This group consists of the ghosts of six notable WWII-Era German superhumans – whether heroes or villains partially depends on who you ask. One – Deathurge, their summoner and de facto leader – has been known as a super -villain for decades. Regardless of their nature in life, the remaining five freshly-summoned spirits in the group are probably stuck working for Deathurge: the summoning almost certainly included some controlling effects. While most WWII era superhumans were of relatively modest power by modern standards, even relatively powerless spirits are tough to deal with; being dead already is an excellent defense against a wide variety of attacks.
Deathurge, a.k.a. Theodor Eiche, once the necromancer-commandant of Dachau, a notable Nazi, and one of WWII’s major war criminals. Killed by the White Necromancer I, Fist-of-God I, Matsumoto, and the Indestructible Man while attempting to enact a necromantic ritual which would have laid waste to much of Western Europe. Later returned as a possessing spirit to wreak vengeance on the world in general. For a time he worked with DAGGER, apparently finding their attitudes congenial, but he’s apparently recently begun working for Tyrannon the Conquerer, who may finally help him fulfill his dreams of vengeance on all humanity.
Das Impetus or Das Inertia, a.k.a Eugen Nacht. A mid-level telekinetic, albeit one with excellent fine control and the ability to work “blind”, Eugen served his country through most of WWII with the same brisk efficiency with which he’d acted as a minor superhero before the war. He was killed in the Battle of the Bulge by Blade and the Indestructible Man.
Panzer, a.k.a. Hans Schaefer. An old-school German military man, Hans was honorable, chivalrous and loyal to Germany, not to the Nazi Party. Assigned to the eastern front, he developed the ability to absorb vehicles (including, towards the end, an entire Tiger Tank), and add their abilities to his own. He was eventually lost in action somewhere in the Ukraine, and was presumed dead. His recent reappearance as a ghost tends to confirm that.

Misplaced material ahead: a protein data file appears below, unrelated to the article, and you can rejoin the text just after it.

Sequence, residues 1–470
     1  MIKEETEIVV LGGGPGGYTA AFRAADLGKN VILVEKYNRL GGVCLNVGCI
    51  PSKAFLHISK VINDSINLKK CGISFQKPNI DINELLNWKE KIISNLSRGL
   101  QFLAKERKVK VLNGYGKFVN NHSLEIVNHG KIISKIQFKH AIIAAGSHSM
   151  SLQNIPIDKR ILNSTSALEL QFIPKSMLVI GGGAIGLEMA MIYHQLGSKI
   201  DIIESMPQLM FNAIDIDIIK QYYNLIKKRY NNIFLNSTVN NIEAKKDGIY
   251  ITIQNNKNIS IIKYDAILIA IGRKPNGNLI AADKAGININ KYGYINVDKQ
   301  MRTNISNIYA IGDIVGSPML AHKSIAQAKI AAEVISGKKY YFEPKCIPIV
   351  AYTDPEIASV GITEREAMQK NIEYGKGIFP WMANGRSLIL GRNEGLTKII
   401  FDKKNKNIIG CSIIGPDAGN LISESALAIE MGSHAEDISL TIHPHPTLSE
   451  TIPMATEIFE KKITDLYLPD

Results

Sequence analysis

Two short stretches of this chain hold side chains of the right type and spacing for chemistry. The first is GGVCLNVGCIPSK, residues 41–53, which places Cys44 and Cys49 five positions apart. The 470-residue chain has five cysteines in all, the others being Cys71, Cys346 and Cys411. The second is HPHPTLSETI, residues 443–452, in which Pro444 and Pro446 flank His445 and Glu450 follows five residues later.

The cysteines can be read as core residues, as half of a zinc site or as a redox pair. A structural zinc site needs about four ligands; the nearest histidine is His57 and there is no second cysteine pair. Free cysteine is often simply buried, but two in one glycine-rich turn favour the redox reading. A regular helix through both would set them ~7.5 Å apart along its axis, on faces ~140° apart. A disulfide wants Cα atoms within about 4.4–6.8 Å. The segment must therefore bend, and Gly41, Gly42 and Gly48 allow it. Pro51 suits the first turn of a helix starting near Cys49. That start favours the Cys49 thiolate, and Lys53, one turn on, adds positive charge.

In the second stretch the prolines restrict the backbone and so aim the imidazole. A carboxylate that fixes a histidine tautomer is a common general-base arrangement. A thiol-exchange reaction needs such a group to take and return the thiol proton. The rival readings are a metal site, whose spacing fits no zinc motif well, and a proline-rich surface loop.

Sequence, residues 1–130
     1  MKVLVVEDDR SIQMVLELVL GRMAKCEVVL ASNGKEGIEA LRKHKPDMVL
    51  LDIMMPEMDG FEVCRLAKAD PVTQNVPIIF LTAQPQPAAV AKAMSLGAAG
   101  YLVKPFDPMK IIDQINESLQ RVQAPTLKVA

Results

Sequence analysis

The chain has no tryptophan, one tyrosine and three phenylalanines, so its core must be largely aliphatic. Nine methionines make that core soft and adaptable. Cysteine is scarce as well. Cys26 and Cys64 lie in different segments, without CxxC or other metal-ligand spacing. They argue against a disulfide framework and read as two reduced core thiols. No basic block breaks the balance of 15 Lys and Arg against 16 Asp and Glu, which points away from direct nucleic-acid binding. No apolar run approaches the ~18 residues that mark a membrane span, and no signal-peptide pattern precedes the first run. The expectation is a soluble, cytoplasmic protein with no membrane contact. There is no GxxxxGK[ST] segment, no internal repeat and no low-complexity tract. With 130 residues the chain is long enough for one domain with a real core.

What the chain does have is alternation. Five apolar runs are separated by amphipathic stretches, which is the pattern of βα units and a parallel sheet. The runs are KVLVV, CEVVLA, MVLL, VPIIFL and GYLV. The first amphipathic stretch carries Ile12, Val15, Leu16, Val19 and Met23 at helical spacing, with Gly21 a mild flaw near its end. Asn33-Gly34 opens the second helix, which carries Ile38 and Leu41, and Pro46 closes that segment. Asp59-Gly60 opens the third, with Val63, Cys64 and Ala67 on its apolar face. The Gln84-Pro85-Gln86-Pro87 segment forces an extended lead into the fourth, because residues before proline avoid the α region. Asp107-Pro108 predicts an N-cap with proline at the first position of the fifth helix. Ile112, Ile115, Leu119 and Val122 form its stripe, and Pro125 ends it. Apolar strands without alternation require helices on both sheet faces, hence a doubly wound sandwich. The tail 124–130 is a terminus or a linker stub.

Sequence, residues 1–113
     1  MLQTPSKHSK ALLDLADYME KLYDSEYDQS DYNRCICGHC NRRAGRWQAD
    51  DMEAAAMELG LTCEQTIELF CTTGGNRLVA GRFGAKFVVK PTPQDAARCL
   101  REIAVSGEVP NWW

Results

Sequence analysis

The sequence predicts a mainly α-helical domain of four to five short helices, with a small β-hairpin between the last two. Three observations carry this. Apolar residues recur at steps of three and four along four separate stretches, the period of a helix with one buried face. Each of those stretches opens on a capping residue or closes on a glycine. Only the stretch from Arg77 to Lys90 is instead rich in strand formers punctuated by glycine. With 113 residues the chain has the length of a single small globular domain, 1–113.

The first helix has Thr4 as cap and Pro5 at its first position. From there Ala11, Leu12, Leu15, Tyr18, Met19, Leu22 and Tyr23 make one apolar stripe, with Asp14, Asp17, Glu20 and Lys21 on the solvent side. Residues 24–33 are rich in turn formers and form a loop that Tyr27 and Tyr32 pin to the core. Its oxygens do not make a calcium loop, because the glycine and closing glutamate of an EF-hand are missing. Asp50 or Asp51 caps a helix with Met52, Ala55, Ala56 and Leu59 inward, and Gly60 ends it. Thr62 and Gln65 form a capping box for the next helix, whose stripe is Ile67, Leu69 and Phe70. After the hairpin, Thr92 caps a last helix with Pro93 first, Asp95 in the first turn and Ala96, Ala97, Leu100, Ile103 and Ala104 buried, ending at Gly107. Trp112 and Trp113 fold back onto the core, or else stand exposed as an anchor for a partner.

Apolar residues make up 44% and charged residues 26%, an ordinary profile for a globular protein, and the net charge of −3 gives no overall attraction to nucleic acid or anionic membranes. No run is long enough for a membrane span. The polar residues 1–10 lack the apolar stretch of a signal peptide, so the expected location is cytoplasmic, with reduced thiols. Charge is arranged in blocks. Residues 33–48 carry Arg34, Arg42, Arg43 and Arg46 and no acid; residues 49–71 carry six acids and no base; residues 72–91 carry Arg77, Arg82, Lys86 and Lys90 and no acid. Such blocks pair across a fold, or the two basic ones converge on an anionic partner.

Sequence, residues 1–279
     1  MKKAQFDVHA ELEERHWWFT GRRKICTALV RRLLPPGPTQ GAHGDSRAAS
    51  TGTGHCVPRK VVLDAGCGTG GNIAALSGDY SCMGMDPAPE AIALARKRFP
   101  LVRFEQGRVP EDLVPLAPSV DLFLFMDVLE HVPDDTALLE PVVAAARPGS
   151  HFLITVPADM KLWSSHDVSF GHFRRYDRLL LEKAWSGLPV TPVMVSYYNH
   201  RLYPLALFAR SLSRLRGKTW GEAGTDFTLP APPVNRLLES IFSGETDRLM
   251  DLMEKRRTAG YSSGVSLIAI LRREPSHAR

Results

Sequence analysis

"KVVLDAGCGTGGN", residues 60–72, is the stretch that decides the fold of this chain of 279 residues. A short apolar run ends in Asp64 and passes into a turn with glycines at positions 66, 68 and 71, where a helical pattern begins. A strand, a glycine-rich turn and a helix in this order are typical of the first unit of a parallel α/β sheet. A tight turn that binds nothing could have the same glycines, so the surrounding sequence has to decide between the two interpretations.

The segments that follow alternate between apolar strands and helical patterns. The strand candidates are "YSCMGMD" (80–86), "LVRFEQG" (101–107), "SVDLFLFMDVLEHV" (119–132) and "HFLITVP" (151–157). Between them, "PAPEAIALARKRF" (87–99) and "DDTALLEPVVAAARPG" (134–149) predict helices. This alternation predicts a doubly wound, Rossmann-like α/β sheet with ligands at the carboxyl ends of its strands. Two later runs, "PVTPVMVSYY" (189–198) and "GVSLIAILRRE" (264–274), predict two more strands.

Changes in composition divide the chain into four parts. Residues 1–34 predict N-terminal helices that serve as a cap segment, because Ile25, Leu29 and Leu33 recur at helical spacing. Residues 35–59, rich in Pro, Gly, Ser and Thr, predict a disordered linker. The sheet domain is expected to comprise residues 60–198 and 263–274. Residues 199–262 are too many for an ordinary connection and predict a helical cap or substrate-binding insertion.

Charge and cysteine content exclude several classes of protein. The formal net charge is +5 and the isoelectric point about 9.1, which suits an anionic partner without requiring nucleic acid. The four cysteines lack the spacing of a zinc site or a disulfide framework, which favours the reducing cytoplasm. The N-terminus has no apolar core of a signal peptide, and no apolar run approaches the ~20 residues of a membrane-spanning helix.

Fenris (real name unknown, unconfirmed reference as Shulte). One of the (many) claimants to the power of the true Fenris Wolf, Fenris was a minor juggernaut, weaponsmaster, and darkness-manipulator, capable of creating wolf-styled armor of “solidified darkness”, shrouding areas, short-range teleportation, and either storing or creating an immense range of weapons. A feral killing machine, Fenris was sent to England on an undercover assassination mission with a lengthy list of targets, but was defeated and eliminated by Arnold Mycroft, a.k.a Mycroft the Magician, an invocation master.
Hugin, a.k.a Lorenz Kuefer. A mid-range telepath and clairvoyant, Lorenz served in the intelligence services with some distinction throughout WWI and WWII. Lorenz carefully maintained his distance from political factions and was, notably, never accused of any form of misbehavior before, during, or after the war. He died quietly in 1973, aged 76 and surrounded by grandchildren. His personal papers from later years indicated that he quietly opposed the excesses and atrocities of WWII through careful telepathic manipulation of personnel assignments, patrol routes, and responsibilities, but there is little confirming evidence: this may have simply been an attempt at self-justification for the benefit of his family.
Das Ubermensch, a.k.a Albreacht Himmel. One of the first Nazi-party superbeings (although there are reports that this was a political convenience rather than real loyalty, as well as reports of him being necromantically enhanced), Albreacht was highly favored by Hitler and his henchmen and possessed the abilities of flight, superhuman strength and durability, and (possibly) some form of electromagnetic control. He was reportedly killed during the Battle of Britain, in Normandy during D-Day, and during the defense of Berlin. There are also reports that he successfully escaped Germany after the end of the war.